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By Jason Stipp and Robert Johnson, CFA | 08-21-2013 12:00 PM

U.S. Will Need to Lead the World Out of Soft Patch

The sheer size and consumer orientation of the U.S. economy will be a big swing factor in the export and growth trajectories of other countries, says Morningstar's Bob Johnson.

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Jason Stipp: I'm Jason Stipp for Morningstar.

We've seen ups and downs in the world economies in recent times, but Morningstar's Bob Johnson, our director of economic analysis, says to keep your eye on the U.S. as a big swing factor in the health of the world economy; it might lead us out of the world's soft patch. He is here to explain why.

Thanks for joining us, Bob.

Bob Johnson: Great to be here.

Stipp: Let's talk first about why [you should] keep your eye on the U.S. We've seen decent, consistent, but not really strong growth in the U.S. So why is the U.S. going to be a big swing factor here?

Johnson: It's a big swing factor just because of its sheer size. It's about 25% of the world economy, which would make it the biggest country by far of all the major countries. Even [if] you put Europe in there as a block, it's about the same size as the U.S. So it's certainly a big size component.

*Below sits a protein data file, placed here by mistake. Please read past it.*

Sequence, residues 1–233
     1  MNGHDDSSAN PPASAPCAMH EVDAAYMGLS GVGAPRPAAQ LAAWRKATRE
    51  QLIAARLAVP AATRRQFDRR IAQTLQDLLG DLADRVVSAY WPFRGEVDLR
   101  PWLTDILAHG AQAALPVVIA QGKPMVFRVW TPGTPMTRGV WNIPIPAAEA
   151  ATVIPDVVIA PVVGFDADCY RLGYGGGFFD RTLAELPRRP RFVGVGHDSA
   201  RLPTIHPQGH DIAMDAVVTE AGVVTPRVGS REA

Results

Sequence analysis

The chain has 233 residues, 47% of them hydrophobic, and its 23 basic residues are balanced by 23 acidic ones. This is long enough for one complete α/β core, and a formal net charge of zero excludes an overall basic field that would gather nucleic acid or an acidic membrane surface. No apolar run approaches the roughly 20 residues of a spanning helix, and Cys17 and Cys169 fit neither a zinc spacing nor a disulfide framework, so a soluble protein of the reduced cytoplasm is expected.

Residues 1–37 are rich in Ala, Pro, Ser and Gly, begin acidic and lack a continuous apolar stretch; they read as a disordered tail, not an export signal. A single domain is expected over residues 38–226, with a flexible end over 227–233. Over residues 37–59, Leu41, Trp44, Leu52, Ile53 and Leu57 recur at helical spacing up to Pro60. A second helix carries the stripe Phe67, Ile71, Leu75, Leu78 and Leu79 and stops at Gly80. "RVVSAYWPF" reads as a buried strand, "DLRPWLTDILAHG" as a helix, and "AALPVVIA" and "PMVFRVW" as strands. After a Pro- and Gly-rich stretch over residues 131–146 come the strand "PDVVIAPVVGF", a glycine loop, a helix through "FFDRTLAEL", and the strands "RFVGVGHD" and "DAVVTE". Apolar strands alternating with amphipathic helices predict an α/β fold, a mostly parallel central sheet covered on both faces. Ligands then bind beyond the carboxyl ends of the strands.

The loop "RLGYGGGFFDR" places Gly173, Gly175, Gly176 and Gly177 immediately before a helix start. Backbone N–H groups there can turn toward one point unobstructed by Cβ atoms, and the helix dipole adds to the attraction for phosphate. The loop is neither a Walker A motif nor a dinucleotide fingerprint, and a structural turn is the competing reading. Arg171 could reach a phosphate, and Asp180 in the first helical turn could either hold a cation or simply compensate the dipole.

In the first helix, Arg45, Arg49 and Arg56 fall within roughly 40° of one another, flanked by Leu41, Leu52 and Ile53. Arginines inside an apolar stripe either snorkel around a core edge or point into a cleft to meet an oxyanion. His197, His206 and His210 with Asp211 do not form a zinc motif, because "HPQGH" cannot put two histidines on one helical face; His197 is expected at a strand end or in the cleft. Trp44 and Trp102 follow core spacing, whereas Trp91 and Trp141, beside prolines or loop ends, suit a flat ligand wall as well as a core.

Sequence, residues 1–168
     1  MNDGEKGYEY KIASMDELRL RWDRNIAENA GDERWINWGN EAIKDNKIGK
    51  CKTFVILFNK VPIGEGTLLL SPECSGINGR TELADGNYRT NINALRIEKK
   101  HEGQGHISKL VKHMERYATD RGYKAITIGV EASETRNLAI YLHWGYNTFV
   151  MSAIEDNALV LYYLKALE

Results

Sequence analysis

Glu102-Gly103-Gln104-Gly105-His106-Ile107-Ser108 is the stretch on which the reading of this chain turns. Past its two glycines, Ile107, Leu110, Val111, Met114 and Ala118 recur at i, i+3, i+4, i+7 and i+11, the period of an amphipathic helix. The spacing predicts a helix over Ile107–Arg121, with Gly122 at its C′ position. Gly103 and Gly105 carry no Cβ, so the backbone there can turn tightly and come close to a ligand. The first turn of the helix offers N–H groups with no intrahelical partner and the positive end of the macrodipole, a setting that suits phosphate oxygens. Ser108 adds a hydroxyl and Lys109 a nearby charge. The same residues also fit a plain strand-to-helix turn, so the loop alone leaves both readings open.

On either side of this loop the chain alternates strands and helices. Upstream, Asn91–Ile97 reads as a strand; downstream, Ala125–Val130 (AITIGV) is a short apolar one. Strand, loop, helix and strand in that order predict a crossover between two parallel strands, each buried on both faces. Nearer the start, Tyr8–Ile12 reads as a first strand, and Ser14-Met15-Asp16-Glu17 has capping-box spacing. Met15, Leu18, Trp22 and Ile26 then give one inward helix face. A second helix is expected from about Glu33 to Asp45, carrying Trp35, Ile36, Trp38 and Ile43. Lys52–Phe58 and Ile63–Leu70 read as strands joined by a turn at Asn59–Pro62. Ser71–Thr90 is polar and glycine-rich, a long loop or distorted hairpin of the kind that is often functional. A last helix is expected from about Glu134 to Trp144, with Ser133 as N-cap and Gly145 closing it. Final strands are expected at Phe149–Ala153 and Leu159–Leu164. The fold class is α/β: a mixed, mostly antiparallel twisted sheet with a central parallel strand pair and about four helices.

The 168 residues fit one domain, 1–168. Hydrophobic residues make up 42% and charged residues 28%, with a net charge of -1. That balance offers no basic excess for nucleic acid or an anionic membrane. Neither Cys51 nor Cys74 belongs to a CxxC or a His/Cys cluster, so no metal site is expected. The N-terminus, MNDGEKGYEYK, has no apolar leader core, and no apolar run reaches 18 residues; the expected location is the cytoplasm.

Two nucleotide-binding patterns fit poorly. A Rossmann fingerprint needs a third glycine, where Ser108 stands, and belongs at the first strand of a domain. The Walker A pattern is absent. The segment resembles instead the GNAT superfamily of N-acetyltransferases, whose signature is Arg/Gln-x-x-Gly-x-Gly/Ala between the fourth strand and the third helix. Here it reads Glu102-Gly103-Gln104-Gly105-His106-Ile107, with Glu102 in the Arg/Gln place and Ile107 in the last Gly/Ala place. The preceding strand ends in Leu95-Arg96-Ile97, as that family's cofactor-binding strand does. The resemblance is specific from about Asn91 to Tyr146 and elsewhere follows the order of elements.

And on top of that, it's a big consuming market. A lot of economies out there, like China's, are big, but their internal consumption isn't very high; they don't drive the world economy. The U.S. is the world's largest economy, twice as big as China is, but consumption is probably [once] again as big, because … they spend less on consumption. That's probably the number one factor for why the U.S. is important.

Stipp: If we're feeling a little bit healthier, we're consuming more, and that helps the export economies of other countries.

Johnson: Exactly.

Stipp: Let's talk about one of those biggest countries that exports a lot to us, China. China has been under a lot of scrutiny recently, and you don't see [China] as being a big swing factor on the upside.

Johnson: No. They've actually been a little weak recently; this is the slowest growth rate we've seen out of China since 1990. That's a long stretch, since they've begun on this whole reform movement, that's 23 years, and they'll probably grow about 7.5% instead of the 10%-12% they did in boom times. They've clearly backed off, and a lot of that, frankly, is intentional. They're trying to shift [the economy] from an entirely investment-driven, export-driven economy into a more internal-consumption economy. In the process, it's slowed things down a little bit.

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